During Breakfast

This visual essay is part of a larger project, conducted through my practice of site-writing, which explores transitional spaces in architecture and psychoanalysis: how architecture situates, and is situated by, objects (and subjects) of desire. This particular iteration focuses on a building – with art nouveau motifs inspired by naturalistic forms – commissioned by a member of the bourgeois class, and occupied during the Russian Revolution by a psychoanalytic nursery, closely linked to larger debates concerning the relation of marxism and psychoanalysis. Sigmund Freud was widely read in Russia, and his essay of 1920, ‘Beyond the Pleasure Principle’, which introduces the notion of the death drive, was in part influenced by a 1912 essay written by Sabina Spielrein, a psychoanalyst who worked in the nursery. Translated into Russian the year the nursery was closed, Freud’s essay deals with the tension in the psyche between life and death, and in psychoanalysis between biology and history.

My own essay is composed of four strands of material evidence, which intertwine words and images, present and past, to suggest how one building has been experienced over time. This building is a villa, designed by the architect Fyodor Schechtel for Stepan Pavlovich Ryabushinsky, a member of a wealthy banking family, and constructed in Moscow between 1902 and 1906. From 1921 the building was occupied by a psychoanalytic nursery, headed by Vera Schmidt, first named the Children’s Home Laboratory and then, from 1922, International Solidarity. From its founding in 1923, by psychoanalysts Otto Schmidt, Ivan Ermakov and Alexander Luria, until it was closed by Stalin in August 1925, the villa also housed the State Psychoanalytic Institute, whose activities included an out-patient department, lectures, workshops, and publications. The images are photographs I took in July 2012 of the Gorky House-Museum – the building as it is today.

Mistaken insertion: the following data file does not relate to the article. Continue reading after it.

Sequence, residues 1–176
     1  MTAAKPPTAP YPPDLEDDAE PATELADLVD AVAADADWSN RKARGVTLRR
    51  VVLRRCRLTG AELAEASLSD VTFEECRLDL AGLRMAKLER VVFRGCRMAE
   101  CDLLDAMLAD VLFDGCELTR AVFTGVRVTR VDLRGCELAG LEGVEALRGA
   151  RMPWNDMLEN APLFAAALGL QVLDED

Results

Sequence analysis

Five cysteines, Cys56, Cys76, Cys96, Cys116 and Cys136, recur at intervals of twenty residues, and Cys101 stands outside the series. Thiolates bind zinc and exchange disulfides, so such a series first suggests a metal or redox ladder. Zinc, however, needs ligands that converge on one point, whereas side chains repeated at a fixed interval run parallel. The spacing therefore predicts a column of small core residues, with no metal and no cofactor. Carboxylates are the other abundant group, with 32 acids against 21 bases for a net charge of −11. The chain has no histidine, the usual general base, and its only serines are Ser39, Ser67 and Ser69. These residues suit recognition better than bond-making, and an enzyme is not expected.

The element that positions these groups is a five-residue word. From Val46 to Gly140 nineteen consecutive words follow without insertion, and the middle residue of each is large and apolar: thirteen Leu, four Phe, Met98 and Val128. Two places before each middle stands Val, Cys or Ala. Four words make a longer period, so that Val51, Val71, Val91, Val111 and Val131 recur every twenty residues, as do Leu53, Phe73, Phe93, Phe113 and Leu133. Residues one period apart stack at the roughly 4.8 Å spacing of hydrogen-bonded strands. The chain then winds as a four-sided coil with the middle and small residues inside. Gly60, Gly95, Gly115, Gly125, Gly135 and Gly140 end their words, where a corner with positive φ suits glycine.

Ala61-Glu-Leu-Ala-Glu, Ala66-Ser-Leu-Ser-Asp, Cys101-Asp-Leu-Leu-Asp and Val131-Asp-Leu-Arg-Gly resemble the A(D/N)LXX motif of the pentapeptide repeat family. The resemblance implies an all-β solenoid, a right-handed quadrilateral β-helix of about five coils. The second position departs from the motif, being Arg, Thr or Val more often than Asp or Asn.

Made of words, the other three strands of this composition are taken from text-based sources associated with the building’s history and its connections to psychoanalysis. The italicized text is taken from diary extracts concerning events that took place in the Children’s Home Laboratory on 16 June 1923, and which were later published in Psychoanalytical Education in Soviet Russia: Report about the Children’s Home Laboratory in Moscow, a report written by Vera Schmidt and published in 1924. The plain text is taken from a publication concerning the building’s history, incorporating memories of those who occupied it, including the psychoanalyst Luria, and children who lived there when it was a nursery, such as Stalin’s adopted son, Artyom Sergeyev. The bold text is taken from the 1925 introduction, co-authored by Luria, to the Russian translation of Freud’s ‘Beyond the Pleasure Principle’.

Jane Rendell, ‘During Breakfast’, Iain Borden and Barbara Penner (eds), Forty Ways to Think About Architecture: Architectural History & Theory Today, (London: John Wiley, 2014).

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